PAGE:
Find the value of k, so that the following lines intersect at the same point:

$$3x + y - 2 = 0$$ $$kx + 2y - 3 = 0$$ $$2x - y + 3 = 0$$

How can I resolve this? thanks

I was able to find that $(-\frac15,\frac{13}5)$ is the intersection of the first and the third line.


closed as off-topic by Isaac Browne, Shailesh, Gibbs, John B, Brahadeesh Dec 10 '18 at 12:03

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  • $\begingroup$ Welcome to MSE! What have you tried so far? $\endgroup$ – platty Dec 10 '18 at 5:40
  • $\begingroup$ I applied that the multiplication of the slopes of the 3 lines is -1, but I do not know if this is correct. $\endgroup$ – englishworkvgs Dec 10 '18 at 5:46
  • 1
    $\begingroup$ Okay, so how does that help you? Could you find the intersection of the two lines that don't depend on $k$, and then figure out what to make $k$ so that it also goes through this point? $\endgroup$ – platty Dec 10 '18 at 5:47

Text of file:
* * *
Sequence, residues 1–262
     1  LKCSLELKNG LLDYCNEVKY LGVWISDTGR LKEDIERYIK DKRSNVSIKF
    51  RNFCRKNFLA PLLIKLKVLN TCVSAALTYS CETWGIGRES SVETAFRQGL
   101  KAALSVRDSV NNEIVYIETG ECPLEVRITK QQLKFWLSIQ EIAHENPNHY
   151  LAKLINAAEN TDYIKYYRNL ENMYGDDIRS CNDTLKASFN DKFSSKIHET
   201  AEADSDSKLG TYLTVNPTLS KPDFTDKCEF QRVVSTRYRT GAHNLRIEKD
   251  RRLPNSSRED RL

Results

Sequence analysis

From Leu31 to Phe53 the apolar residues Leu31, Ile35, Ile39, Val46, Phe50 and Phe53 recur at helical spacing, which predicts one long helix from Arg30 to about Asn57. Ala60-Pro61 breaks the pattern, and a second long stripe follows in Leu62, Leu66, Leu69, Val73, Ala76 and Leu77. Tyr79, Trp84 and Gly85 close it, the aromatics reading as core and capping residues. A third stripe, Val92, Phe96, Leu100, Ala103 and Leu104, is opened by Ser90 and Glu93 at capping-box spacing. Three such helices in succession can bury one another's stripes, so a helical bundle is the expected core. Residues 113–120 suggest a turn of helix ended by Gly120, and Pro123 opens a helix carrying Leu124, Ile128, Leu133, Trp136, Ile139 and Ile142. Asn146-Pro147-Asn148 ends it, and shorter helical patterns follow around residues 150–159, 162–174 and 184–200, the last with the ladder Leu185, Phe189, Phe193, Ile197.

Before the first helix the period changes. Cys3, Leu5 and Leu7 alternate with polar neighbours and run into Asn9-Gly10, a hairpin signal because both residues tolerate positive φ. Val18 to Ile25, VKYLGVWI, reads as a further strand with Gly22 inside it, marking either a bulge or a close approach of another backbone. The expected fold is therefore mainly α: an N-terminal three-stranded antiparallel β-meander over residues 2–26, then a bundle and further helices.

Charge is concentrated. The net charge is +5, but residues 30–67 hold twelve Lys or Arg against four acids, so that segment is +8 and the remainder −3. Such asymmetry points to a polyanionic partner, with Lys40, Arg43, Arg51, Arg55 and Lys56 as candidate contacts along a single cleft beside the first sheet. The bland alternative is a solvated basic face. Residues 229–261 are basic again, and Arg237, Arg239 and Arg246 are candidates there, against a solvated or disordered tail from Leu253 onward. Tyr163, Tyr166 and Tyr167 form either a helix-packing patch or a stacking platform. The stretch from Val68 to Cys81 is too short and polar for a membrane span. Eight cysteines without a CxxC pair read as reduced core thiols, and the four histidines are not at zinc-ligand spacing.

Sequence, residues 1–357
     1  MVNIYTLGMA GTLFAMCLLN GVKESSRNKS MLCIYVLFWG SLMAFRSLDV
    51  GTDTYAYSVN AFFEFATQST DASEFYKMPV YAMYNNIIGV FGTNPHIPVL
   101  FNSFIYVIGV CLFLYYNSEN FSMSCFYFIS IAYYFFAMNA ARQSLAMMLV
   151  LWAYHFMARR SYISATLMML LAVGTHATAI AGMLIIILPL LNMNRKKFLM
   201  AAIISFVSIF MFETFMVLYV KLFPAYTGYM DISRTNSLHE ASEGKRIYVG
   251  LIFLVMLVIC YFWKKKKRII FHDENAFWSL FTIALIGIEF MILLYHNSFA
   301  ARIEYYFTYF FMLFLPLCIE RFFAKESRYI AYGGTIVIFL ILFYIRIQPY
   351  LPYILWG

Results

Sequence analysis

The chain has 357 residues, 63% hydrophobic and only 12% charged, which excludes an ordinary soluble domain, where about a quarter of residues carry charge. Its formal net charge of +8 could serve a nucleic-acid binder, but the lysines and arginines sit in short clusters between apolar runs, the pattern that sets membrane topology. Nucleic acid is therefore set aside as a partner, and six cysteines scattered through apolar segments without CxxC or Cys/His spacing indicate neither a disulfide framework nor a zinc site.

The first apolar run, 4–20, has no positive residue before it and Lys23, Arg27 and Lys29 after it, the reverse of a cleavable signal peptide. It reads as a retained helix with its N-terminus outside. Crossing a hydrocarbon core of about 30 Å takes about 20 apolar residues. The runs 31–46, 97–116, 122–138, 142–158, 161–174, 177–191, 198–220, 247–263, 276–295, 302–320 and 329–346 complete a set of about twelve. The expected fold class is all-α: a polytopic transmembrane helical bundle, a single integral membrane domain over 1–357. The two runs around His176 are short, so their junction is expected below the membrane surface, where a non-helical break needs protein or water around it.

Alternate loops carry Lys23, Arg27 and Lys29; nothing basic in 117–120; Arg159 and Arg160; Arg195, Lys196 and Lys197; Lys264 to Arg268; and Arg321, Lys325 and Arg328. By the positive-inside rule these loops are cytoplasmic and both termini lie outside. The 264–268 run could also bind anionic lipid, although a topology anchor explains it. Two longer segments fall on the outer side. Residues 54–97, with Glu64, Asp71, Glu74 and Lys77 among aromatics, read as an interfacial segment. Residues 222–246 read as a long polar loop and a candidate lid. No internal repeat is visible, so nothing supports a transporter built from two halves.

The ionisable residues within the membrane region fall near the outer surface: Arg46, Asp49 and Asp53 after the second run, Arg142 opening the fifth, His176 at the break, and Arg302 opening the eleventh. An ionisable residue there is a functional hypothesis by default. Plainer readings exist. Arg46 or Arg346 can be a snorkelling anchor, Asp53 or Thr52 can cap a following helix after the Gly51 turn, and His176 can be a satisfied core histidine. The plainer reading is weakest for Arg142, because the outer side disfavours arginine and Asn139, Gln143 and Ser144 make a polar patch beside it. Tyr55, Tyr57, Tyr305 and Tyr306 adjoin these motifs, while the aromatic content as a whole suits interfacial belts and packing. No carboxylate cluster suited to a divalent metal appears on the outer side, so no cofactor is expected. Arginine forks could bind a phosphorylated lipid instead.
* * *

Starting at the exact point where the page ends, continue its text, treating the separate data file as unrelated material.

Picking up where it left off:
• $\begingroup$ I got this result: -1/5, 13/5 But what should I do to get k and have the condition? $\endgroup$ – englishworkvgs Dec 10 '18 at 6:02
  • $\begingroup$ sum first and third lines. So $5x=5$ and $x=1$. Put $x=1$, in the first line and find $y=-1$. Thus take $x=1$ and $y=-1$ in second line. $\endgroup$ – 1ENİGMA1 Dec 10 '18 at 6:07

Hint :

Solve the system of the first and third equation to find their intersection point. Then, do the same for the pair of the second and third equation oe the first and second. You will find an intersection point dependent on $k$. But you want thwt point to be the same as the first one you calculated. Thus?

  • $\begingroup$ Note that after finding the intersection of the first and third lines, plugging this point straight into the second equation gives a single equation with one unknown (geometrically, choosing $k$ so that the intersection of the other two lines lies on this one as well). $\endgroup$ – platty Dec 10 '18 at 8:06

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